Sheath


The sheath I believe is real leather. It's obviously not high end leather, but it's remarkably good for how cheap the knife is. The leather itself is decent quality and the stitching is decent too. It's plenty thick, and the clasp has a good fit to it.

First Impressions


The first time I held a $15 Mora, I was amazed at how good a cheap knife could be. Is the Mora perfect? Hardly. And neither is this knife, but it gives me the same wow factor that the Mora did. I do like the "scandi grind" of the Mora, and it's easy for a novice to put a scary-sharp edge on it, but the flat grind is just more useful for common tasks.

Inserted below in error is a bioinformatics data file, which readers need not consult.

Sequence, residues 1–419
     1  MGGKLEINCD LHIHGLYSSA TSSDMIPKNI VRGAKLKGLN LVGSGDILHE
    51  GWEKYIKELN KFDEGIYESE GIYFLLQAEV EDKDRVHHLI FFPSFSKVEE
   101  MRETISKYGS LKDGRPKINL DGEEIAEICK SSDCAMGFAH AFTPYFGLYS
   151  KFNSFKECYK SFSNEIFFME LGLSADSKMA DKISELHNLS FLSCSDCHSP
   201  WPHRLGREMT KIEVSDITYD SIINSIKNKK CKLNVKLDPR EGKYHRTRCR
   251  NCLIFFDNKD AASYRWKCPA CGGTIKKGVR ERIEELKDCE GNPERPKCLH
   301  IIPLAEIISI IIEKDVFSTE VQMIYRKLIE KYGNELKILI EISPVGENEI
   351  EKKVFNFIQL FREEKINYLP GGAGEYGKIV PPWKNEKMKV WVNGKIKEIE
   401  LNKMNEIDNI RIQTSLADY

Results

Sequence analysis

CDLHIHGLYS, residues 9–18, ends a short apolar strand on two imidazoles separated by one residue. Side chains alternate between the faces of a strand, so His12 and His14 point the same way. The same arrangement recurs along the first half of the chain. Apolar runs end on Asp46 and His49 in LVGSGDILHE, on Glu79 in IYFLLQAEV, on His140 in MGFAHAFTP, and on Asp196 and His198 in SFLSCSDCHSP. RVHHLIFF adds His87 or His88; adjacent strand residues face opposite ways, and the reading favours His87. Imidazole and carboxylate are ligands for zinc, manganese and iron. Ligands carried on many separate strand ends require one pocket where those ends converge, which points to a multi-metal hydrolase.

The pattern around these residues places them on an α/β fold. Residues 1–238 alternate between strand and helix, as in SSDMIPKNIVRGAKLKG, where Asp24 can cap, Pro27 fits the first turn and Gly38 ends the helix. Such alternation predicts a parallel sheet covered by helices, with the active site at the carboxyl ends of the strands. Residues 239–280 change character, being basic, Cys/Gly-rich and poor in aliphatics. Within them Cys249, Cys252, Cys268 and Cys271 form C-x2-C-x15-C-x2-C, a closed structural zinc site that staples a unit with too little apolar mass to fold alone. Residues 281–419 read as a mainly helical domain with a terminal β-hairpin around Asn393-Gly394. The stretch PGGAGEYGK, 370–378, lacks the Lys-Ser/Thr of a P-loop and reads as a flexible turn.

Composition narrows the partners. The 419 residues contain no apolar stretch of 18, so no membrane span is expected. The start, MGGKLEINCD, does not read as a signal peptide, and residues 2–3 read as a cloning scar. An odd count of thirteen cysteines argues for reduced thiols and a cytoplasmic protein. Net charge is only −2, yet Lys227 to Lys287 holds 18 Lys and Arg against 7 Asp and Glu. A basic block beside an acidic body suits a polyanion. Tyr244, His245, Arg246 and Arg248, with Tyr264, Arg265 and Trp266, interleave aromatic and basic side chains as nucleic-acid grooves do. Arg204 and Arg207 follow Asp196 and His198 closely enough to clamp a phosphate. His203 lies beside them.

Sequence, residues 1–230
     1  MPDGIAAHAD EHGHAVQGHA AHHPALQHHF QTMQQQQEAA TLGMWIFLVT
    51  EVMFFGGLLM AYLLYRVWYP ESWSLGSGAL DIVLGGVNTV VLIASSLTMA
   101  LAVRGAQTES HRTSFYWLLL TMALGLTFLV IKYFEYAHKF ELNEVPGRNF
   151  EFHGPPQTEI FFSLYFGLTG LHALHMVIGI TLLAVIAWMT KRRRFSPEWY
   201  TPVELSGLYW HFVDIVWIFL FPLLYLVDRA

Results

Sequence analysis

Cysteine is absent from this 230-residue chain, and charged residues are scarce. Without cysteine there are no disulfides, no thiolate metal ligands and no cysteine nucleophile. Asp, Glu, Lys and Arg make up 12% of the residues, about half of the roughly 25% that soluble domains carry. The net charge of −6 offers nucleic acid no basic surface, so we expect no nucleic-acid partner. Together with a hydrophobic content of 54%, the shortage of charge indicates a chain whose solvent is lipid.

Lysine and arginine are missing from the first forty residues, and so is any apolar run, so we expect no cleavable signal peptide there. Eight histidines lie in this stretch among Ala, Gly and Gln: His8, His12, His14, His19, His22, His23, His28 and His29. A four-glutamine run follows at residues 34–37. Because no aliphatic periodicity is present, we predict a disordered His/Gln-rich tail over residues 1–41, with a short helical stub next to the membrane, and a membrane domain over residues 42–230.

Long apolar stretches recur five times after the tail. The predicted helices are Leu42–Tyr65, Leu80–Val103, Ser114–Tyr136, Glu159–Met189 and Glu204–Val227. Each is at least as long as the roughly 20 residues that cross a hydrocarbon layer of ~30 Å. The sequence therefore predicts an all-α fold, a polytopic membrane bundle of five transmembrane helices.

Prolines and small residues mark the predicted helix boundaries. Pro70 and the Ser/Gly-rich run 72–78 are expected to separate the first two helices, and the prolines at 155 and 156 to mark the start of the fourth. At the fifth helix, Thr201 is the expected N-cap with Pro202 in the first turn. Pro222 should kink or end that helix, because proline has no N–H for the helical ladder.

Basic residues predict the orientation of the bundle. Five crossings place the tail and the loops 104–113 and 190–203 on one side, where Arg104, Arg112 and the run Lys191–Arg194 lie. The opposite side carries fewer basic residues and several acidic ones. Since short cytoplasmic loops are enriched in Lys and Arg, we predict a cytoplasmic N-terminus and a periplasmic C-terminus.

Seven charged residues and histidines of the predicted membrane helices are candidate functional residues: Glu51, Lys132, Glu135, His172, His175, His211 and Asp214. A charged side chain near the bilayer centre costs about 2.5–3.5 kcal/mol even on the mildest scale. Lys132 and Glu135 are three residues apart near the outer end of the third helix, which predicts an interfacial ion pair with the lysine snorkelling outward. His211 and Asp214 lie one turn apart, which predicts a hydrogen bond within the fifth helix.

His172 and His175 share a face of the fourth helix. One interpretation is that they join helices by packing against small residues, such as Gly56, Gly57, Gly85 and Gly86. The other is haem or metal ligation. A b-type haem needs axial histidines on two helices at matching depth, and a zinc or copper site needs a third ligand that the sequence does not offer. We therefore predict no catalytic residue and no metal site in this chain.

Fit And Finish


Overall, excellent. The stitching on the sheath isn't 100% perfect, and the blade on mine came with a decent edge but nothing spectacular. Small imperfections of the grind - all things that you'd be surprised not to be on a $25 knife. Nothing really major except mine seems to have either come with a few light scratches on the flat of the blade, or somehow I made them by gently unsheathing it. Some grit in the sheath maybe? They aren't getting any worse, so I am not worrying about it.

This knife is a tank, and the scratches are a badge of honor.

Usability


While I have not taken this knife out in the woods yet, I have tested it extensively in the kitchen, since I intend for this knife to do lots of food prep while on camping trips.

Conclusions